For the FCF (and to support MCM operations) I’d say a fleet of 8-10 MRSSs are required backed by a flat-top (perhaps Auxiliary Carrier) to replace RFA Argus for the LRG(S) role.

One of my favourite designs for the MRSS would be the Damien 120 LSTH design - it is low key and could more easily blend into commercial traffic, but comes with a hangar and also a large deck area with davits. It can also land directly on the beach, or in a RoRo mode, allowing easy delivery of follow supplies and vehicles.

https://res.cloudinary.com/damen-shipya ... t-120h.pdf

What is missing for me however is the UK/RN equivalent of the USN Military Sealift Command - which should provide the ability to transport globally the kit (and if needed) troops of a configurable UK Army Brigade to a secured port. I’m hoping that going for an interim RoRo solution the UK is thinking just this for the future.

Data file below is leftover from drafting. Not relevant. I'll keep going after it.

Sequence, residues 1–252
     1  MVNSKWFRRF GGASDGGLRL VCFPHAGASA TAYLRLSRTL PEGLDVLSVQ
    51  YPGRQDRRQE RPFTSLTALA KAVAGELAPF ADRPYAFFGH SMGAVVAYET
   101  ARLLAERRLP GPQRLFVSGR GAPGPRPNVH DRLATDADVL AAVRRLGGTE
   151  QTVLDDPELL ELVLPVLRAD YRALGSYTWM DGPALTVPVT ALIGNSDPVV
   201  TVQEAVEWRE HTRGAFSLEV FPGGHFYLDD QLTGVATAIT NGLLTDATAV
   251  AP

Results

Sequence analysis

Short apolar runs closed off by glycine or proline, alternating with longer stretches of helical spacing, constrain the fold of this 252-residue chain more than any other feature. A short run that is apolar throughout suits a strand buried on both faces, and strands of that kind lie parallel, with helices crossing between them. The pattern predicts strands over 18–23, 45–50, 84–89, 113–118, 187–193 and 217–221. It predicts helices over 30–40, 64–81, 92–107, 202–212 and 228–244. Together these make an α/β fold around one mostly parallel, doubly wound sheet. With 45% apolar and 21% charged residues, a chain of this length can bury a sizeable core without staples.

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Re: Current & Future Amphibious Capability - General Discussion

Post by Jake1992 »

Repulse wrote:I fear we are still trying to define an amphibious fleet based on the what has gone before rather than what would be best to maximise the potential of the FCF.

The basis of the FCF concept, as far as I understand it, is that it is distributed across multiple platforms and remains low key to enable it to more easily penetrate enemy A2AD defences. Building a small number of large ships isn’t the way to do this.

For the FCF (and to support MCM operations) I’d say a fleet of 8-10 MRSSs are required backed by a flat-top (perhaps Auxiliary Carrier) to replace RFA Argus for the LRG(S) role.

One of my favourite designs for the MRSS would be the Damien 120 LSTH design - it is low key and could more easily blend into commercial traffic, but comes with a hangar and also a large deck area with davits. It can also land directly on the beach, or in a RoRo mode, allowing easy delivery of follow supplies and vehicles.